Portable, Pocket-Sized Rock Art Discovered in Ice Age Indonesian Cave
The findings further refute the outdated notion that humans’ capacity for complex artistic expression evolved exclusively in Europe
Twenty thousand years ago, humans probably didn’t have much in the way of pockets. But they were still keen on manufacturing and carrying pocket-sized trinkets—including some petite engraved artworks honoring the wonders of the natural world, as new research reveals.
Archaeologists excavating an Indonesian cave have unearthed two stone “plaquettes” depicting an anoa (dwarf buffalo) and what may be a star, flower or eye—the first portable engravings of this kind found in Southeast Asia. The findings, described in a paper published this week in the journal Nature Human Behavior, further refute the outdated notion that humans’ ability for complex artistic expression evolved exclusively in Europe, reports Dyani Lewis for Cosmos.
Discovered during a series of digs conducted in Leang Bulu Bettue cave on the Indonesian island of Sulawesi between 2017 and 2018, the artifacts are thought to be between 14,000 and 26,000 years old, placing the date of their creation not long before the end of the most recent ice age. Discovered strewn amongst a slew of other artifacts, including stone tools, burnt and butchered animal remains, and bits of body ornamentation, they may have served as decorations in a well-loved gathering place.
Both the plaquettes appear to feature real-world phenomena. Etched into one is the head and upper body of a small buffalo native to the region—an important animal that probably served as fodder for hunter-gatherers’ food and tools thousands of years ago. Anoa also feature prominently in cave art painted onto rock walls as far back as 44,000 years ago, further highlighting the crucial role they played in daily existence, the researchers write in an article for the Conversation.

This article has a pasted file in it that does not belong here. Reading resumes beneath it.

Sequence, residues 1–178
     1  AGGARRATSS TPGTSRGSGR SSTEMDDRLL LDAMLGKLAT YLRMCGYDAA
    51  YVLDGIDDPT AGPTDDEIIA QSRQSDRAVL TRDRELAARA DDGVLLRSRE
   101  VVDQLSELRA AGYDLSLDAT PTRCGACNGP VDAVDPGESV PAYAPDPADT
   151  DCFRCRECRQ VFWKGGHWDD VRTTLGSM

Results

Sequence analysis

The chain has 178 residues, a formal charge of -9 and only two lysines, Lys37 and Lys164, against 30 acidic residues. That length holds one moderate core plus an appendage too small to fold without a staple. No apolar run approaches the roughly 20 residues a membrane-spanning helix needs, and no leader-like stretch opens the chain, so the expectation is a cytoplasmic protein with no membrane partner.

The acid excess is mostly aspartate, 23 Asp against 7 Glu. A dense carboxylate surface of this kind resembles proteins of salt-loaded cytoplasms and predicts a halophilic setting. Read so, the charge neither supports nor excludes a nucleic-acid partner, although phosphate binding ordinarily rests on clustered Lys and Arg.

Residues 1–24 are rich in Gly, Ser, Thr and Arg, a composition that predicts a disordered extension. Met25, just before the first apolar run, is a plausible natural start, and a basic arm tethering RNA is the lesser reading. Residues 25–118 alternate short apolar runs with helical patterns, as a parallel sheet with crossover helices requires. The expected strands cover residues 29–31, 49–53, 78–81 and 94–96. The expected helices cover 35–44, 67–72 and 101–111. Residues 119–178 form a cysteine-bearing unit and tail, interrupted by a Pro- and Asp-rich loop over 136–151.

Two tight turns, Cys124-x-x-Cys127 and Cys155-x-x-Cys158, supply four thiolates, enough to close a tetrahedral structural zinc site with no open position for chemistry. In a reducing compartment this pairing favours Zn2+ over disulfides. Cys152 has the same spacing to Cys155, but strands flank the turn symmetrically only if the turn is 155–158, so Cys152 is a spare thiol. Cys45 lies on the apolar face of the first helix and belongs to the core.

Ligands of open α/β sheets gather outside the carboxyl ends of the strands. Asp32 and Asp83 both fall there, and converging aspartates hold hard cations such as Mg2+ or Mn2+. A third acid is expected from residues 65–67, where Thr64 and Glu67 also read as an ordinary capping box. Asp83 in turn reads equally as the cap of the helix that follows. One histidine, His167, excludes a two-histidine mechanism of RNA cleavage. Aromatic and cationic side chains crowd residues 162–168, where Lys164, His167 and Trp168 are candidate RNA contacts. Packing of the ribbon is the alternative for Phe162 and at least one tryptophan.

The other etching is more ambiguous. Tentatively described by the researchers as a sunburst, it shows a vaguely hexagonal figure sprouting rays, limbs, petals and perhaps even eyelashes that were once streaked with red pigment. Whatever it was modeled on, the engraving represents “something real,” according to the researchers, “so we believe the artist has created an image of something from the natural world.”
So-called figurative art appears to be uniquely Homo sapiens, study author Michelle Langley of Griffith University tells Cosmos, though its purpose—symbolic or otherwise—continues to elude researchers. Unlike immobile rock paintings, though, the pocket-sized pieces likely gave people a way to maintain cultural connections with both animate and inanimate objects across great distances. For humans, fashioned and tailored objects didn’t just have to be practical tools: They could hold emotional value, too.
Similarly portable engravings that date to roughly the same time period—about 20,000 years ago—have been found in Europe and Western Asia. The new Indonesian find, as the only representative from its region, suggests that “there were similar cognitive and artistic responses to the natural world made by modern humans in the Pleistocene in different parts of the world,” Susan O’Connor, a rock art specialist from the Australian National University who wasn’t involved in the study, tells Genelle Weule of Australia’s ABC News.
Last December, a separate team of researchers uncovered another instance of ancient Sulawesi art: a 44,000-year-old rock mural that depicts what may be the world’s oldest storytelling scene, predating comparable works in Europe. As Langley’s team writes in the Conversation, these discoveries are, for now, firsts—but they certainly won’t be lasts. Each additional find represents another knock against Euro-centric theories of the evolution of human intelligence.
“With more discoveries going on over this side of the world, we’re finding that’s definitely not the case,” Langley tells Cosmos. “People were doing [art] over here at the same time or earlier. We just hadn’t been looking.”